Country underFiveMortality totalFertilityRate teenFertility GDPPerCapita govtExOnHealthPerCapita agriPercentGDP womenMeanYearsInSchool improvedDrinkingWaterSourcesInPercentage improvedSanitationFacilitiesInPercentage lifeExpectancy totalPopulation DTP3ImmunizedInPercentage contraceptivePrevalenceInPercentage CO2 pneumoniaDeathsInNewborns
0 Afghanistan 105.0 5.66 107.0 1637 4.390408 29.915323 0.8 50.0 37.0 53.6 31411743 66.0 NaN 0.08 6.288837
1 Albania 16.6 1.74 11.2 9374 94.023613 20.160029 10.7 95.0 94.0 77.2 3204284 99.0 NaN 0.43 0.238741
2 Algeria 27.4 2.82 7.0 12494 138.840923 6.915571 7.1 83.0 95.0 76.0 35468208 95.0 NaN 0.90 3.021863
3 Argentina 14.6 2.22 68.2 15765 405.058875 10.003471 11.4 NaN NaN 75.8 40412376 94.0 NaN 1.24 0.155241
4 Armenia 18.0 1.55 28.3 6508 54.238760 19.577842 11.4 98.0 90.0 73.0 3092072 94.0 54.9 0.39 1.401095
In [284]:
# Scatter Plots
study.iplot(kind='scatter', mode='markers', x='GDPPerCapita', y='lifeExpectancy', xTitle='GDP per Capita', yTitle='Life Expectancy', title='GDPpc VS Life Expectancy 2010')
In [245]:
study.iplot(kind='bubble', x='GDPPerCapita', y='lifeExpectancy', size='totalPopulation', text='Country', categories='lifeExpectancy', showlegend=False, colorscale='Set1',  xTitle='GDP per Capita', yTitle='Life Expectancy', title='GDPpc VS Life Expectancy 2010')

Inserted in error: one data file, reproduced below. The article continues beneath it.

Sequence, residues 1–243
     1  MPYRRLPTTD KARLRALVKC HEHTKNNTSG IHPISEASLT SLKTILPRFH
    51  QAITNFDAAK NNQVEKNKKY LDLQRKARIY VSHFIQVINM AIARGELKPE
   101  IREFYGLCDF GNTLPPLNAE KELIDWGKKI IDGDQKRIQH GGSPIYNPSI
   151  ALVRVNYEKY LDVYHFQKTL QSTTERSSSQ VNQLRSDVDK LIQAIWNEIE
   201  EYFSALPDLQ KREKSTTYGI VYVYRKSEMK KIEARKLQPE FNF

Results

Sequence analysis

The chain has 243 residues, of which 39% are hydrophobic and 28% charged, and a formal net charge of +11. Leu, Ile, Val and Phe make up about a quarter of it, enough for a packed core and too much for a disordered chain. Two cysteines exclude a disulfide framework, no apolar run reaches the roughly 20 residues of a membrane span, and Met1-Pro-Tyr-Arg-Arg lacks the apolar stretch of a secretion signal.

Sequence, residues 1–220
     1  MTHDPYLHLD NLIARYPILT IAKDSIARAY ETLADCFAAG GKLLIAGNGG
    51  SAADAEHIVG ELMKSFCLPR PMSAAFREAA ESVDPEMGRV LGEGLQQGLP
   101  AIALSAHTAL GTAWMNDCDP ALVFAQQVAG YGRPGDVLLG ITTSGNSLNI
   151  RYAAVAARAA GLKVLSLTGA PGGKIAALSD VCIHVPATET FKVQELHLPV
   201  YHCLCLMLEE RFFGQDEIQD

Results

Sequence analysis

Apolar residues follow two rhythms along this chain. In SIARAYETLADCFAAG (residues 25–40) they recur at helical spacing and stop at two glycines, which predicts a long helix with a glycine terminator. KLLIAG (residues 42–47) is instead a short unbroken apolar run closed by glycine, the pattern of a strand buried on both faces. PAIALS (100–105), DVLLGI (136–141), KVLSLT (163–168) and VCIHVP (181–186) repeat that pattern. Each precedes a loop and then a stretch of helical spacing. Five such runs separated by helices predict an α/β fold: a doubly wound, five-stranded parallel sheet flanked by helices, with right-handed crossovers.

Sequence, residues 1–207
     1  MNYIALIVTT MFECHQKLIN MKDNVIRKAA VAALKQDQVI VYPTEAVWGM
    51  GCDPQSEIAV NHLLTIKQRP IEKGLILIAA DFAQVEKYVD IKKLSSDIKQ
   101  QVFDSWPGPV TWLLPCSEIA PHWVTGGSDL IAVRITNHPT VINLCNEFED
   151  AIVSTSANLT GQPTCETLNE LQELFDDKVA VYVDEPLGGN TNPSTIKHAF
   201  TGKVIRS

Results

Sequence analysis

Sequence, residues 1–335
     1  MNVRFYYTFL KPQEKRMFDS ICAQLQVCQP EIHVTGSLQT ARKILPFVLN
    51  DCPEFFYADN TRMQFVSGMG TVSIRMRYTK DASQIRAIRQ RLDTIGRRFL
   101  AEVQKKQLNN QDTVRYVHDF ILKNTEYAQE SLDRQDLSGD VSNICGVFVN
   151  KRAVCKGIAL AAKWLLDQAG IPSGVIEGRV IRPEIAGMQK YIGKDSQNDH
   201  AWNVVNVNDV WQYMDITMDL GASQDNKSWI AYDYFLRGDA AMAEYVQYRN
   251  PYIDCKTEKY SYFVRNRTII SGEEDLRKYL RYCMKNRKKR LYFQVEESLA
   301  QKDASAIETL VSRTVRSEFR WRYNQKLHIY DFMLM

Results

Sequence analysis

Interesting to see that life expectancy improves faster when GDP per Capita is lower (steeper positive slope). When GDPpc hits a certain point like China and India, improvement of life expectancy slows down. The colors of the bubbles are based on life expectancy.

In [243]:
study.iplot(kind='bubble', x='totalFertilityRate', y='underFiveMortality', size='totalPopulation', text='Country', categories='lifeExpectancy', showlegend=False, colorscale='Set1',  xTitle='totalFertilityRate', yTitle='underFiveMortality', title='Total Fertility Rate VS Child Mortality Rate 2010')

Interesting to see that there is a positive correlation between fertility and child mortality.

In [273]:
study.iplot(kind='bubble', x='womenMeanYearsInSchool', y='underFiveMortality', size='totalPopulation', text='Country', categories='lifeExpectancy', showlegend=False, colorscale='Set1',  xTitle='womenMeanYearsInSchool', yTitle='underFiveMortality', title='Women Mean Years In School VS Child Mortality Rate 2010')

Women who are more educated are more likely to know how to take care of their child/children.

In [277]:
study.iplot(kind='bubble', x='agriPercentGDP', y='underFiveMortality', size='GDPPerCapita', text='Country', categories='lifeExpectancy', showlegend=False, colorscale='Set1',  xTitle='agriPercentGDP', yTitle='underFiveMortality', title='Agriculture Percent GDP VS Child Mortality Rate 2010')

Note that in this graph, the bigger the bubble the higer the GDPpc. The big bubble countries have lower percentage of agriculture in their GDP and tend to have lower child mortality rate. On the other hands, the smaller bubble countries with higher percentage of agriculture tend to have higher child mortality rate.

In [288]:
# Heatmap to study correlations
study.corr().iplot(kind='heatmap', colorscale='spectral')